How Federal Reserve’s Communication Moves Financial Markets

Professor Anna Cieslak measured how Fed policymakers’ comments between Federal Open Market Committee meetings affect asset prices

February 21, 2024
Anna Cieslak_Fed's Speeches and Asset Prices_Duke University's Fuqua School of Business

Federal Reserve announcement days happen eight times a year. In a press conference, the Federal Reserve chair discusses the interest rate decision and the economic forecast.

But Professor Anna Cieslak of Duke University’s Fuqua School of Business says the Fed is also communicating outside of the official press conferences in ways that have an impact on financial markets.

“There are, generally speaking, two types of news in the Fed’s communications,” she said. “One is the news moving expectations of the short-term interest rates, the other is risk premium type of news, for example via shifting market’s perceptions of uncertainty.”

In a working paper, “Tough Talk: The Fed and the Risk Premium," Cieslak and Michael McMahon of University of Oxford found that through the public speeches Federal Open Market Committee (FOMC) members give between meetings, the Fed reveals its forward-looking stance beyond what it has shared in the regularly scheduled policy announcement. This extra information, Cieslak said, significantly affects asset prices.

“It’s through this additional channel that the Fed affects the risk premium­­—or how much compensation investors demand to take on risky assets—­in the financial markets,” she said.

How the Fed’s private deliberations reach the public

Statements released after the FOMC meetings don’t reflect the depth of the discussion. During the FOMC meeting, the committee members may express uncertainty about the reading of the economic data, and consider future policy shifts if circumstances change.

But the concise statement released on the day of the announcement reveals only a sliver of forward-looking discussions in the meeting, the researchers write. And when the more detailed minutes of the meeting are released after three weeks, the market reactions are subdued, they showed.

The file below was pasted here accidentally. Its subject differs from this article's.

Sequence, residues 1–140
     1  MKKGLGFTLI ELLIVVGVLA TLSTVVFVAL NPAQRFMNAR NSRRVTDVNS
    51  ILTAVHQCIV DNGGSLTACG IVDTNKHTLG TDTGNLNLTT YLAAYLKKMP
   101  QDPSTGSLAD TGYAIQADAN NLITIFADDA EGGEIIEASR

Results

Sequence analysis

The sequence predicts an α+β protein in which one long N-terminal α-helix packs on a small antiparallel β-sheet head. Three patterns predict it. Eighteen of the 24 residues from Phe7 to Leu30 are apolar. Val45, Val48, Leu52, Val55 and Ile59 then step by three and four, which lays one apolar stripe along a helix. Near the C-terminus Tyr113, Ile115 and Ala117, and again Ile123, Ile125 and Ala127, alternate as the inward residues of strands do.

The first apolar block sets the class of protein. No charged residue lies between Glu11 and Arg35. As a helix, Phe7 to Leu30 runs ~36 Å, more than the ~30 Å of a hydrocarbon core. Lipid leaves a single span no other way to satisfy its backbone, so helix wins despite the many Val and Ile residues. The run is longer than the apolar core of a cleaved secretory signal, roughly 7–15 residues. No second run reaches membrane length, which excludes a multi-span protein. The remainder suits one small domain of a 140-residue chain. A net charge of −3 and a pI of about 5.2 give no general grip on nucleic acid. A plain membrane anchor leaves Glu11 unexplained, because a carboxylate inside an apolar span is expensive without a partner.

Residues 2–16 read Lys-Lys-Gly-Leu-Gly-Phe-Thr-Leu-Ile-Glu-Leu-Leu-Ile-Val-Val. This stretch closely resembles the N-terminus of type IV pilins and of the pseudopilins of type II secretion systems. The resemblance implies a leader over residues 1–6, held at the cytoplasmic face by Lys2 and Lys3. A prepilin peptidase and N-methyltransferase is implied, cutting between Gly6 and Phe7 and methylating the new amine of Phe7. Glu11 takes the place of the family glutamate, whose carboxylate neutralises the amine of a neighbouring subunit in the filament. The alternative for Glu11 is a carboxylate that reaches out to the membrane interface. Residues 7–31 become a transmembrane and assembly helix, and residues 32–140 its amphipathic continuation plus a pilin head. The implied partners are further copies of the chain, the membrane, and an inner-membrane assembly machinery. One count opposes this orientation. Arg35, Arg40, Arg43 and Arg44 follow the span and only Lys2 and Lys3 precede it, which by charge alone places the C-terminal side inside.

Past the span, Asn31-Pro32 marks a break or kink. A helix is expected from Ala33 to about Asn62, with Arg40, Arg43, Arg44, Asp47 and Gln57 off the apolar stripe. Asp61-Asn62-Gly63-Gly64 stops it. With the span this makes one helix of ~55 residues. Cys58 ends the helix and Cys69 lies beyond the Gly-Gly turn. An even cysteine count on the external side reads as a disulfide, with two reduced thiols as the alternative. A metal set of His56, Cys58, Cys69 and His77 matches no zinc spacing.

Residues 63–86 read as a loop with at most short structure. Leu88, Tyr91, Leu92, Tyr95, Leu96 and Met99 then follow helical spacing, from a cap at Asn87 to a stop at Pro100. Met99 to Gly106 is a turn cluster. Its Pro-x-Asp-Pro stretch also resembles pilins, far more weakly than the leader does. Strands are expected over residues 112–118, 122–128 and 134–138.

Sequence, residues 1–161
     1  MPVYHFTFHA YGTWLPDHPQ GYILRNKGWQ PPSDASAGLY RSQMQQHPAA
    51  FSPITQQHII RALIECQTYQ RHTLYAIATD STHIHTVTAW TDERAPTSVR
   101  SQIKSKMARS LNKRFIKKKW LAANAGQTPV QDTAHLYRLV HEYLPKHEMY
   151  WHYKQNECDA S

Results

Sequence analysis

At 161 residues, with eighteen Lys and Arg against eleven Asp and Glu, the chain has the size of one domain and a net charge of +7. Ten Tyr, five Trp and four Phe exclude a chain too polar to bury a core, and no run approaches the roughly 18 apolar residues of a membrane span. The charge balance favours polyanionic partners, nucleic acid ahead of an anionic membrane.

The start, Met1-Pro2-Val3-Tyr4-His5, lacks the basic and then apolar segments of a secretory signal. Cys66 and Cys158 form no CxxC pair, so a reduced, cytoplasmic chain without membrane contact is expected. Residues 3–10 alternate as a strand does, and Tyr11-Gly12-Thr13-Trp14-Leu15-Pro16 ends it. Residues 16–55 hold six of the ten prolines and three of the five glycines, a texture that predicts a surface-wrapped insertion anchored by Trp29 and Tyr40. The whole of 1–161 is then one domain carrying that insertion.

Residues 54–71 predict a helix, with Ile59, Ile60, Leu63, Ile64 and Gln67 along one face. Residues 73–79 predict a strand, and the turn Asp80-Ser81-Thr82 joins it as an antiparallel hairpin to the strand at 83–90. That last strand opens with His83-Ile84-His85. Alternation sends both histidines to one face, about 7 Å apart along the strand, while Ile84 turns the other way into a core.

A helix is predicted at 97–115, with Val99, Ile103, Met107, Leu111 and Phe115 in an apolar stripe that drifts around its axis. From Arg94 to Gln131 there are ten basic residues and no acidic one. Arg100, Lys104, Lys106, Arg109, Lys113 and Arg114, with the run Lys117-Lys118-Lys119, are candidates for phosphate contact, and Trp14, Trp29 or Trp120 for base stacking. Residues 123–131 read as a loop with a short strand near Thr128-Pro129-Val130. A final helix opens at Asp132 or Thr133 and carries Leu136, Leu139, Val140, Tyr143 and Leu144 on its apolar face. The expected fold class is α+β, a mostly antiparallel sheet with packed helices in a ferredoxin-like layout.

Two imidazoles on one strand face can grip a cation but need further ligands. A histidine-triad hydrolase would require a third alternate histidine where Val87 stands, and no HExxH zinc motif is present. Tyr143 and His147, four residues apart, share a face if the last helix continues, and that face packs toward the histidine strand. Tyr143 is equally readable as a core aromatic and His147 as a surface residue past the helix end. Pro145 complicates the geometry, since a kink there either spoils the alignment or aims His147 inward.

The researchers wondered if the content of the FOMC private deliberations filters to the public before the minutes are released through speeches by Fed governors and the other members of the committee.

Using textual analysis tools, the researchers examined the transcripts of 228 FOMC meetings from 1987 through December 2015. The transcripts are released five years after the meeting, and they offer verbatim documentation of the FOMC’s discussions. Through this language, the researchers built a numerical measure of forward looking-policy stance—relative “hawkishness” versus “dovishness,” capturing the Fed’s views beyond the official FOMC statement and the Fed’s macroeconomic forecasts. Any time the transcripts showed any expression hinting at future policy different from the policy of the statement, the researchers recorded a gap.

Cieslak and McMahon found that increased relative hawkishness recorded in the transcripts predicts a reduction in the risk premium over the intermeeting period. The economic magnitude of this newly documented effect is large. A one standard deviation increase in hawkish stance predicts a decline in the risk premium amounting to 17% of intermeeting volatility of the ten-year yield and 15% of intermeeting stock market volatility.

The researchers also examined 1,594 speeches of the Fed chair, vice-chair, and governors from 1996 and 2022, using the same approach to measure hawkishness versus dovishness in the forward-looking views beyond the policy statement.

The results of the speech analysis confirmed the findings of the transcripts, Cieslak said.

“The Fed’s communication via speeches can in principle account for the overall intermeeting effect in asset prices,” she said.

A communication channel for the Fed’s policy views

While there is a notion that interest rate cuts help stabilize financial markets and the overall economy in crises, it is not always clear that a dovish Fed policy—such as when interest rates are kept low for a long period—should necessarily reduce the risk premium and cause markets to rally, Cieslak said.

“In fact, during the recent inflationary episode through the first half of 2022, the Fed was keeping a relatively dovish stance,” she said. “But the markets were repeatedly thinking this was a mistake.”

She said that when the markets think that the Fed’s stance is not justified by the economic outlook, this belief will translate into additional risk in the financial markets.

But the researchers found that through the intermeeting speeches, Fed officials can reassure the markets that the Fed is closely monitoring for signs of a policy error and is prepared to quickly reverse course, so that any policy mistakes are unlikely to persist.

“Through its communication, the Fed can influence risk premia by acknowledging the uncertainty it faces and expressing readiness to act, should the need arise,” Cieslak said.

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